Puffins live most of their lives at sea. Excellent swimmers, they use their webbed feet to steer through the waves. From the air, they can dive up to 200 feet into the ocean. During breeding season, their beaks and feet turn bright yellow and orange, in stark contrast with their white and black bodies. Puffins return to land in spring and summer to form breeding colonies. Gulls sometimes crowd them out of nesting islands. On refuge islands in the Northeast, critical sanctuaries for puffins, refuge staff keep gulls in check. Refuge efforts to restore food resources, such as herring and other small fish species, are also critical to sustaining the puffin population.
Where to Look: Rocky islands off both the east and west coasts. Puffins are fun to watch and frequent the Maine Coastal Islands National Wildlife Refuges and Alaska Maritime National Wildlife Refuge.
6. Red Knots
Red knots, among the world’s longest-flying migratory birds, travel more than 18,000 miles each year between the Arctic and the Gulf Coast, southeast United States and South America.
Where to Look: In spring, exhausted red knots stop at Cape May National Wildlife Refuge (NJ) and Delaware Bay beaches to gorge on the eggs of spawning horseshoe crabs. The annual spectacle draws thousands of birdwatchers to the area. In just a few days, the birds nearly double their weight to prepare for the final leg of their long journey to their Arctic nesting grounds.
7. Rufous Hummingbirds
If you find yourself in the Pacific Northwest, look for the rufous (rust-colored) hummingbird, plunging its bill deep into the center of a flower. It’s one of the smaller members of the hummingbird family – just over three inches long. But what it lacks in size, it makes up in wing speed (52+ wingbeats per second) and color. The male rufous hummingbird glows deep hues of orange citrine. These small and feisty birds migrate incredible distances (3,900 miles one way) along the western coast of the United States, Canada and Mexico.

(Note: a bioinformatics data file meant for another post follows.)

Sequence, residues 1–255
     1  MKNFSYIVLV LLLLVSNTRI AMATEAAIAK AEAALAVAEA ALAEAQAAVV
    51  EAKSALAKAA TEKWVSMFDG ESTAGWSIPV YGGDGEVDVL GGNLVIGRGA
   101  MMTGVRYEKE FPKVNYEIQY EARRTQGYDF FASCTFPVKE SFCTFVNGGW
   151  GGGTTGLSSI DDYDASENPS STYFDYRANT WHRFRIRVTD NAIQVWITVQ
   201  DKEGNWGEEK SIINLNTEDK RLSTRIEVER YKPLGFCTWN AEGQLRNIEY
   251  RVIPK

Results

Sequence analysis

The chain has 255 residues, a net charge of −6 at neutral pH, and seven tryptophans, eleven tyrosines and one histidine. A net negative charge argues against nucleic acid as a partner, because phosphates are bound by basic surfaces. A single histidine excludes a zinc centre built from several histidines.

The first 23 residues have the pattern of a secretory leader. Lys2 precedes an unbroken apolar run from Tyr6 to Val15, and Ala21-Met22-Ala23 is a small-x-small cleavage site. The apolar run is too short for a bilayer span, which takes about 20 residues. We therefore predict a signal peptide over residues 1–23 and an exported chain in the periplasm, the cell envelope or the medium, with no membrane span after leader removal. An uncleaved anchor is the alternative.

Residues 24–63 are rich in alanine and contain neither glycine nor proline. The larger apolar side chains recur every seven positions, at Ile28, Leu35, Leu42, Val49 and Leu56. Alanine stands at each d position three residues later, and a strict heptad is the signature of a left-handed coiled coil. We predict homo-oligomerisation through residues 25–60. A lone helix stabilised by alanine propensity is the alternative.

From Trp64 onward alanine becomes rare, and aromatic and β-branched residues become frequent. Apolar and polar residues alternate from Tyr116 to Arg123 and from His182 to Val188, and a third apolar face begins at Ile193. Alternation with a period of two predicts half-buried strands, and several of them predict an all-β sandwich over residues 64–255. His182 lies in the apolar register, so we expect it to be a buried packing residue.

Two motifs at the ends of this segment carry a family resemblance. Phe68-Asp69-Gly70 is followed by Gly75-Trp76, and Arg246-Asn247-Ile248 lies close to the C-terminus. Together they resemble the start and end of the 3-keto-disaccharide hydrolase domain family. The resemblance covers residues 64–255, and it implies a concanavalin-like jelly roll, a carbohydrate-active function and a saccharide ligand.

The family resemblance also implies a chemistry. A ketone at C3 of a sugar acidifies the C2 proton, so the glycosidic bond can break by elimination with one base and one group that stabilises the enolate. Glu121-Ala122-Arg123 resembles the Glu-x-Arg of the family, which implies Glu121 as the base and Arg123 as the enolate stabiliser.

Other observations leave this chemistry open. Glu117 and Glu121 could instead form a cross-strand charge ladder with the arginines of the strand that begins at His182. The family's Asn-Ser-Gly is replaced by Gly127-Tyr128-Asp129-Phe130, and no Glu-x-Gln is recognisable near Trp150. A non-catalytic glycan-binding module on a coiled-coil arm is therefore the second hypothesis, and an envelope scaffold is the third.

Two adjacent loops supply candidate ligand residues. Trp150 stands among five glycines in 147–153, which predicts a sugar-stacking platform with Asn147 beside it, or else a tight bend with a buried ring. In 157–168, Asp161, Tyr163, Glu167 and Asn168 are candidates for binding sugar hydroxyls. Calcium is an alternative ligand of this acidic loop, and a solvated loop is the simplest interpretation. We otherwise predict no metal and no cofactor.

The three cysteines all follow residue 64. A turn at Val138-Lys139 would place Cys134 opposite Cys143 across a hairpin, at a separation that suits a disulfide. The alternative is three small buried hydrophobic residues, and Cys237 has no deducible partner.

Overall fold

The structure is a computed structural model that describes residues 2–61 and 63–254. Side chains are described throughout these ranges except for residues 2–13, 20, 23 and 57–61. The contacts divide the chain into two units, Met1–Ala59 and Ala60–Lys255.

Story: Wings of Life
Where to Look: Look for these spectacular birds on the Oregon Islands National Wildlife Refuges.
8. Sandhill Cranes
Dinosaurs may no longer roam the Earth, but you can still see some of their closest surviving relatives feeding in and flying over wet meadows. Sandhill cranes have been around for more than two million years. These graceful, large-winged birds fly up to 50 miles per hour and reach altitudes of up to 12,000 feet.
Where to Look: At Bosque del Apache National Wildlife Refuge (NM) and other places where they winter, you can see them take off in masse from their roosting spots at sunrise, filling the air with their rolling cries. If you’re lucky, you might see pairs raising and lowering their heads in unison as part of a showy mating dance. Refuges provide cranes vital habitat for nesting and rearing young.
9. Snow Geese
HONK! Giant flocks of snow geese fly noisily over refuges in spring and fall.
In the eastern United States, a sharp drop in snow geese numbers led to a hunting ban in 1916. After Blackwater National Wildlife Refuge and other sites conserved snow geese habitat and the birds recovered, the ban was lifted in 1975.
Story: Snow Geese Extravaganza Hits Home (Bay Journal)
10. Wood Ducks
Look for these colorfully patterned ducks foraging for aquatic plants and seeds along the edges of swamps, rivers and ponds. Males are iridescent green, brown and white. Females are handsome but less colorful. Wood ducks feed by dabbling or making short dives.
Where to Look: Wood ducks are common at Billy Frank Jr. Nisqually National Wildlife Refuge (WA), Black Bayou Lake National Wildlife Refuge (LA), Deep Fork National Wildlife Refuge (OK) and dozens of other refuges.